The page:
Develop HR teams with an OD mindset


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Some HR people make fantastic OD practitioners, many do not

Not many would dispute that strawberries are better with cream. They’re a winning combination. The same is true for HR and OD (organisational development). Both are important disciplines that have developed significantly over time. While HR is now seen as more strategic and influential, OD involves a systematic process of building organisational effectiveness and health simultaneously.

Having trained in OD early in my career, I’ve always seen both as important. But that’s not to say they’re the same. Some HR people make fantastic OD practitioners, many do not. I’m not surprised there’s constant debate about how the two work together.

To have the best of all worlds we have a number of options: bringing in OD consultants to do specific pieces of work or building in-house OD capability. But for me one of the best things we can do is develop our own HR teams with an OD mindset.

So how might this differ from our traditional approach? The HR/OD practitioner steps back and asks a series of questions to understand the wider context. This can take more time in the short term but certainly speeds up the process later.

That’s because we understand an organisation is made up of different systems that have their own unique cultures. How these groups work together (or don’t) has a major impact on the organisation’s ability to deliver its strategy. No one area can deliver alone. There’s always interdependency.

It’s important to collect data from these groups through surveys, workshops and interviews to understand what’s really going on. This not only produces a more sound diagnosis but actively involves everyone, working together, in creating solutions and the new future.

Unfortunately, you can’t plan transformation like you plan other HR projects. It’s helpful to have a rough framework, but this will change as you go and as you involve others.Things will emerge you hadn’t foreseen and you need to be flexible.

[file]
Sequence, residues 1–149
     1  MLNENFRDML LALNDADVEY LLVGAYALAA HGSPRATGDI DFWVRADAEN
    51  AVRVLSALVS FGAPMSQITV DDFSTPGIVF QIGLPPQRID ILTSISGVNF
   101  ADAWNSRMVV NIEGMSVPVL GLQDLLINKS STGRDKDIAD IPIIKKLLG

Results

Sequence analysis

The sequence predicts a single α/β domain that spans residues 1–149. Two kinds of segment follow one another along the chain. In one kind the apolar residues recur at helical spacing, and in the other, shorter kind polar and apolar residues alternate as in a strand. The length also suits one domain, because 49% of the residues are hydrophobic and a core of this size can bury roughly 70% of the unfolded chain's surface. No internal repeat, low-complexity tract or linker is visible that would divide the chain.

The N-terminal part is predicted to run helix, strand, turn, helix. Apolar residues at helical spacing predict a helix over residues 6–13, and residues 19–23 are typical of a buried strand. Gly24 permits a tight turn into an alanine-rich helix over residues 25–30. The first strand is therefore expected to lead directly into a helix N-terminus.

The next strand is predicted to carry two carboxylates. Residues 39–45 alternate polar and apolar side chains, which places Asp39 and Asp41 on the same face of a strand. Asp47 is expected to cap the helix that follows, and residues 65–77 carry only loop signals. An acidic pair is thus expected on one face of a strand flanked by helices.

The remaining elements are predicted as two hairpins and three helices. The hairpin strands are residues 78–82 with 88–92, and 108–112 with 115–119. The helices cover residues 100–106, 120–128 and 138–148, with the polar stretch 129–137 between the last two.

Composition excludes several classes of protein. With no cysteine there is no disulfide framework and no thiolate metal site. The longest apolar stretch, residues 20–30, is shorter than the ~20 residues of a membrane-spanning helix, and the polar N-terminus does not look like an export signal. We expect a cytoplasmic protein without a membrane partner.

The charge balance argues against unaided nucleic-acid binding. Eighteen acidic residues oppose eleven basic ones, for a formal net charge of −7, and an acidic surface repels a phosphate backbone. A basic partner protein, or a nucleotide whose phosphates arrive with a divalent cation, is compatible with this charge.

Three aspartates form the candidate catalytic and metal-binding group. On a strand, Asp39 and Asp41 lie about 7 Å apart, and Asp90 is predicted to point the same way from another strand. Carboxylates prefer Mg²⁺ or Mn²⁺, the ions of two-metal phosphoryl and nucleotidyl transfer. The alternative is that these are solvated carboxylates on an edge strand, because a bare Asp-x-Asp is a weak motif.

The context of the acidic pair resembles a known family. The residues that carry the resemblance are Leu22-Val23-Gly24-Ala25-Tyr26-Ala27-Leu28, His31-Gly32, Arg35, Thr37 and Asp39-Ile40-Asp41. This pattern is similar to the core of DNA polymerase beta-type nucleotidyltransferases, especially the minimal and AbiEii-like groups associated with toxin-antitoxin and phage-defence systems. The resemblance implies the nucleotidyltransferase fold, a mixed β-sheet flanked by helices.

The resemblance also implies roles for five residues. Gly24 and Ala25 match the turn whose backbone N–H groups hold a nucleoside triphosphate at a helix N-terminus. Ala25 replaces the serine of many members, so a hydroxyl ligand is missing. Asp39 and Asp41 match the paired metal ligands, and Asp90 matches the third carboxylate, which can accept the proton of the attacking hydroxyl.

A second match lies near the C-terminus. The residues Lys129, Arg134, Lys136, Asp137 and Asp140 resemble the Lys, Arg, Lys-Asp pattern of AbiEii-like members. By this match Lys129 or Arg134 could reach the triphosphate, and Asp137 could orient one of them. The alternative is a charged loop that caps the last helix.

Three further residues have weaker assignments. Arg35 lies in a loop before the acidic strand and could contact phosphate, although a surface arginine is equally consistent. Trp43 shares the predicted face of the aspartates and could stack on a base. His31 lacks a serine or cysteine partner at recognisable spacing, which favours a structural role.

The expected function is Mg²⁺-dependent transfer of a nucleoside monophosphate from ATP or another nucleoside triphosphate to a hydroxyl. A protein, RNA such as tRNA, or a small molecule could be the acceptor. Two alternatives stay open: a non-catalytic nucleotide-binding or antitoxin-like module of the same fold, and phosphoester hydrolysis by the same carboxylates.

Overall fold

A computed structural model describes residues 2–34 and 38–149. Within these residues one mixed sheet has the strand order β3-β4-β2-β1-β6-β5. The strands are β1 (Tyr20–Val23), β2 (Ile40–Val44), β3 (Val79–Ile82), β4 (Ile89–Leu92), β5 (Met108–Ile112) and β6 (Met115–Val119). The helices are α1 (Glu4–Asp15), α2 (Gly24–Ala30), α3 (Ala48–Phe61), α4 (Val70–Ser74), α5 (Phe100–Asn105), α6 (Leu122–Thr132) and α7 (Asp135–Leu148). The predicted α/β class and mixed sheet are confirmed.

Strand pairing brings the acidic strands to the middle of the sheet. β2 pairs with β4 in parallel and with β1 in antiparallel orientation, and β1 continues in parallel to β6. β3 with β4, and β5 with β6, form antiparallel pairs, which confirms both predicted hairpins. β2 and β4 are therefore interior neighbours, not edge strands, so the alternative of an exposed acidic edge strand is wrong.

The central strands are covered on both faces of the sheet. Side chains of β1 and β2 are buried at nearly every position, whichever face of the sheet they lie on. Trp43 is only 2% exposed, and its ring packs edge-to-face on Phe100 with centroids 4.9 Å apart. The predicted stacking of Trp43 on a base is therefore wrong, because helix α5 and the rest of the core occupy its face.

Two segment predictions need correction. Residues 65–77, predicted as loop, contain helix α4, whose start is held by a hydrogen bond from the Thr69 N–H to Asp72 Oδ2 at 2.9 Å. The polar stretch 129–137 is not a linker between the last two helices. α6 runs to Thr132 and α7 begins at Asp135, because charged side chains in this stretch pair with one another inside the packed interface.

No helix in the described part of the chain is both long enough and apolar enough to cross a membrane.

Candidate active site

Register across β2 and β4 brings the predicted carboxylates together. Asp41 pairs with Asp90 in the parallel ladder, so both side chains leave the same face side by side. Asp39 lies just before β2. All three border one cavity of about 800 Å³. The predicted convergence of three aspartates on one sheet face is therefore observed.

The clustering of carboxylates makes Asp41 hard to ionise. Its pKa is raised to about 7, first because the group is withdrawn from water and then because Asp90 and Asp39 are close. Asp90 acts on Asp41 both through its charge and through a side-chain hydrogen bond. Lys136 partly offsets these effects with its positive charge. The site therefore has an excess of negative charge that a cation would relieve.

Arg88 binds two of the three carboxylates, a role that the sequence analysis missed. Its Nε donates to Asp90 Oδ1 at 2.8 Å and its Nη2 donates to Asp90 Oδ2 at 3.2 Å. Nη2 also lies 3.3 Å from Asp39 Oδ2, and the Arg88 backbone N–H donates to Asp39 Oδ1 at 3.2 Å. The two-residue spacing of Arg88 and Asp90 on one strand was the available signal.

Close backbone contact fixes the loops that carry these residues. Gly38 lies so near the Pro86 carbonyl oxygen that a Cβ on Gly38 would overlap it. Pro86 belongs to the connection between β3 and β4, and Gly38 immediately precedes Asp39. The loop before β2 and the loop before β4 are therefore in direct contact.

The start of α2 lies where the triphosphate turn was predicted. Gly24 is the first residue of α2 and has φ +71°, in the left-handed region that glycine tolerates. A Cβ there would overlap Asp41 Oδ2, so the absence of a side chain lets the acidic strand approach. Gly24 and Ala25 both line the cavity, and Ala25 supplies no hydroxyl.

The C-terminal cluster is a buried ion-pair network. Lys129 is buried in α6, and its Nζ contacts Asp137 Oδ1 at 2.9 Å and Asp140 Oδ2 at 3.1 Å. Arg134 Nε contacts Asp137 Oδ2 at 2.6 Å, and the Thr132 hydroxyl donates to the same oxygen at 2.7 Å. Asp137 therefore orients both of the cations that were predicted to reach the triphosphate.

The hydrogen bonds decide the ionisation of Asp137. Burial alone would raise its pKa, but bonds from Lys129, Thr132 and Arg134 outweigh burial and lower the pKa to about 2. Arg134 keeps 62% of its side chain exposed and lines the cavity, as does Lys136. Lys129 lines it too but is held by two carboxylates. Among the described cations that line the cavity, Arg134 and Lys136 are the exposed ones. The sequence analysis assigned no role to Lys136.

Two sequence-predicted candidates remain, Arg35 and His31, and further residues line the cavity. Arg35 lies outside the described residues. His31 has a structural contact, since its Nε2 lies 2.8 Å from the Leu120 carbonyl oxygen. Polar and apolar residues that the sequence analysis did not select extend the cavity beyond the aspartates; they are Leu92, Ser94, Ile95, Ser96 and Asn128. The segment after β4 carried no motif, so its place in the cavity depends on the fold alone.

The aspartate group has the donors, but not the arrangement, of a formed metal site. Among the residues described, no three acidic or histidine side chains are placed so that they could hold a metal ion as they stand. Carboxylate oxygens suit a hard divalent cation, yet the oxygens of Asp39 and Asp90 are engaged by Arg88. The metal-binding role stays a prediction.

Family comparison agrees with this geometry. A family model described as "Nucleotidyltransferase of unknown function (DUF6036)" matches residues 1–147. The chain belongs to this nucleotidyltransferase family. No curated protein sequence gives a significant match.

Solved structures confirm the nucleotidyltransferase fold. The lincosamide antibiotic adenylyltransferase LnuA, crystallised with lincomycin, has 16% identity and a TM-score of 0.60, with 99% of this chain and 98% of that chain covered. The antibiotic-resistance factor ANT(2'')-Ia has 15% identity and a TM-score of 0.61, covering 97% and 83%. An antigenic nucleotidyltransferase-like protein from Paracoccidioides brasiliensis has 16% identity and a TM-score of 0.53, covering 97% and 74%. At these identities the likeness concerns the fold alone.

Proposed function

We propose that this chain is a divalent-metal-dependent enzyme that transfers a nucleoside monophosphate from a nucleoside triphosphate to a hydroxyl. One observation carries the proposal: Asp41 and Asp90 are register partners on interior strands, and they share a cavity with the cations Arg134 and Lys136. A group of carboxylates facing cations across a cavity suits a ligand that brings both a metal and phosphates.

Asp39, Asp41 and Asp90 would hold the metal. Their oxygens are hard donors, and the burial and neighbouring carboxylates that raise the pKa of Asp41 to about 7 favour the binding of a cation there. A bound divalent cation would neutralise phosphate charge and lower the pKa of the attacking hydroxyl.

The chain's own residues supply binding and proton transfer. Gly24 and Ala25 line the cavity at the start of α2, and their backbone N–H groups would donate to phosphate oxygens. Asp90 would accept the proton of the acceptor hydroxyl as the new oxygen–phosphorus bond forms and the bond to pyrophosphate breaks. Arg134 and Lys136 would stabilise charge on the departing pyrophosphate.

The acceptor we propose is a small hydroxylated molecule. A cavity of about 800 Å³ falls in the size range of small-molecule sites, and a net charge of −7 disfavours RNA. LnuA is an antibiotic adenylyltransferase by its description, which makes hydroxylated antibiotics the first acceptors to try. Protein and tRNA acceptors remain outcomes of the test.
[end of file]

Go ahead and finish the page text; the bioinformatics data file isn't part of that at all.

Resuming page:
This can be one of the most challenging things for us as HR professionals. To accept that we don’t have all the answers at the beginning and instead believe that the process that emerges will be even better. I’ve found techniques such as Open Space (Harrison Owen), Appreciative Inquiry (David Cooperrider) and Future Search (Marvin Weisbord) are useful diagnostic and dialogical tools.

For example, we used Appreciative Inquiry at the BBC for a company-wide change initiative called ‘Making it happen’. Ideas came from all levels as to how we could make the BBC a better place. The same was true at Time Inc., where we used Future Search to help map the market.

I see our role as HR/OD practitioners becoming that of designers, data collectors and conductors. But we need to translate OD into the client’s world. We must avoid jargon or limited thinking, be eloquent without judgement, and not have to have expert answers. This includes the ability to say no, take risks, challenge the status quo, and not defer to senior people.

HR leaders need to:

  • Reposition our HR business teams. They know the organisation best and understand the context and culture.
  • Ensure that in-house HR and OD teams work together closely on the agenda and deliver joint interventions where possible.
  • Develop our HR teams through shadowing both in-house and external OD consultants.
  • Create networks with other HR/OD professionals both inside and outside the organisation.
  • Run regular workshops for teams on latest OD tools and thinking.
  • Recognise that OD is as much about the qualities of the practitioner as the interventions used.

The combination of the two approaches increases our impact and supports the leader and organisation better. HR and OD have a great future together.

Lesley Swarbrick is HR director at Time Inc.

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